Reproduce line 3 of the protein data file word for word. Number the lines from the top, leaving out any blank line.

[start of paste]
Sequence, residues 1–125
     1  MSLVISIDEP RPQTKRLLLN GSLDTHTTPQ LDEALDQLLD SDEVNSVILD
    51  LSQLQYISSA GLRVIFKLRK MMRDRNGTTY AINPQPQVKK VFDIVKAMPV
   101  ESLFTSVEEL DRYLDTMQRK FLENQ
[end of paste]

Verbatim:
    51  LSQLQYISSA GLRVIFKLRK MMRDRNGTTY AINPQPQVKK VFDIVKAMPV